Hints of Worker Confidence Belie Rise in Black Unemployment

Black Americans were the only demographic group to see a rise in joblessness in August, but the increase in the unemployment rate came as more Black Americans returned to the workforce to seek employment, a sign that potential workers are optimistic about job prospects.

The Black unemployment rate rose to 8.8% from 8.2%. The labor force -- which encompasses both employed individuals and those actively searching for a job -- increased by 287,000 for Black Americans, but a larger number of new entrants were unemployed versus employed, driving the rise in the unemployment rate.

The gains in labor participation among African Americans were driven by women, and were one of the few signs of improvement in the U.S. job market in an August report that otherwise came up short of estimates. People are likely to enter the labor force when they perceive that there are jobs to be had. 

Hints of Worker Confidence Belie Rise in Black Unemployment

Several factors might be contributing to the changes in labor participation. The end of supplemental pandemic unemployment insurance programs and return to school in some parts of the country may have prompted some to seek a job, while persisting child-care challenges and the spread of the delta variant of the coronavirus probably kept others out of the workforce. 

“The unemployment rate for Black workers with an associate degree remains higher than the unemployment rate for white high-school dropouts,” William Spriggs, the chief economist at the AFL-CIO said in an interview on Bloomberg Television. “So that tells me employers are still on some planet where they aren’t desperate for workers. They are totally bypassing Black workers. And that tells me they’re not serious.”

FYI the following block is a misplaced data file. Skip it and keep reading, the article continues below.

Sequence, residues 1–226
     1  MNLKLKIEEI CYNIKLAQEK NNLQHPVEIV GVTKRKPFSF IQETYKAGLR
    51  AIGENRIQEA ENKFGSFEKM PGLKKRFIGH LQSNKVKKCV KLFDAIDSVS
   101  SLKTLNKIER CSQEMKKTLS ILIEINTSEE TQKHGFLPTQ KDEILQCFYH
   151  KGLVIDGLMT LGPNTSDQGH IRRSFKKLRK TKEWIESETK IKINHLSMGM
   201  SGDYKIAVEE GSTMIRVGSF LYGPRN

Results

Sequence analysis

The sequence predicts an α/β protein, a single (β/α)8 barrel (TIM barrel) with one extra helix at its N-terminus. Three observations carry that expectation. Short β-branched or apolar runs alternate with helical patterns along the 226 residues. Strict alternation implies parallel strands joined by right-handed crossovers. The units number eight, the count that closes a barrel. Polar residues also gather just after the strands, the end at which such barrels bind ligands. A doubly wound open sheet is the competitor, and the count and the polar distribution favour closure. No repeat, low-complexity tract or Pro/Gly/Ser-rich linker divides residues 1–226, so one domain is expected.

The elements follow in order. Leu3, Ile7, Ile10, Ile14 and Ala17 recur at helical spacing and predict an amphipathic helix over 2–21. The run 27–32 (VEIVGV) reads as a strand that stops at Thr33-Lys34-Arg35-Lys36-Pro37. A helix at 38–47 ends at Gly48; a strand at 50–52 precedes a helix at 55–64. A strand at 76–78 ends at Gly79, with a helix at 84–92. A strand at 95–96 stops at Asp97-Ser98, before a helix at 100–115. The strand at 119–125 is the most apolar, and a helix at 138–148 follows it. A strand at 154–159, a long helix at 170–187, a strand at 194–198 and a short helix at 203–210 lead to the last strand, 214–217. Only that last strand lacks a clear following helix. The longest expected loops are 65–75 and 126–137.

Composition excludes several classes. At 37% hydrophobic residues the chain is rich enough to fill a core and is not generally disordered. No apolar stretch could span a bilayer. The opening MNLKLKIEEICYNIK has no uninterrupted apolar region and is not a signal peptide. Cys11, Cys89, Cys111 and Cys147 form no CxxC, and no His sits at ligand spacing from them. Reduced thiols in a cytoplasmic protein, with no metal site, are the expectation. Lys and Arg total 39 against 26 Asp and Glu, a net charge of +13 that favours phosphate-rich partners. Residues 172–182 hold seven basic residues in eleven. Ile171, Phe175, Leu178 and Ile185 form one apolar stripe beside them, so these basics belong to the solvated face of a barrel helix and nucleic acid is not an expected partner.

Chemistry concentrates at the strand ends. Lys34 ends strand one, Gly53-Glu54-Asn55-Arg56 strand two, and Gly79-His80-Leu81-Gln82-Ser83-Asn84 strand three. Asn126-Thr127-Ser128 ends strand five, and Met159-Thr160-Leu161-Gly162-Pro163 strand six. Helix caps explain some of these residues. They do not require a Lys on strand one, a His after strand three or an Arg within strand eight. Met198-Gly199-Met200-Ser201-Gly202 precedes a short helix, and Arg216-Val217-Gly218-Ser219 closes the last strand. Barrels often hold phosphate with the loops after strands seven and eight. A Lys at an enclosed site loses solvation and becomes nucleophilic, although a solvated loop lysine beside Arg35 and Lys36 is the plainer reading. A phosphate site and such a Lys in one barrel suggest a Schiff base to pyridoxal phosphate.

While the Black unemployment rate has fallen from a pandemic high of 16.7% last year, it remains well above the nation’s average. With the August increase, the jobless rate for Black workers is almost double that of White workers, which stands at 4.5%.

The unemployment gap may weigh on the Federal Reserve as it looks to begin removing some of the emergency measures implemented during the pandemic and, further into the future, raising interest rates.The Fed has pledged to look at maximum employment as a “broad-based and inclusive” goal, and has cited minority jobless rates in its research and policy meetings.

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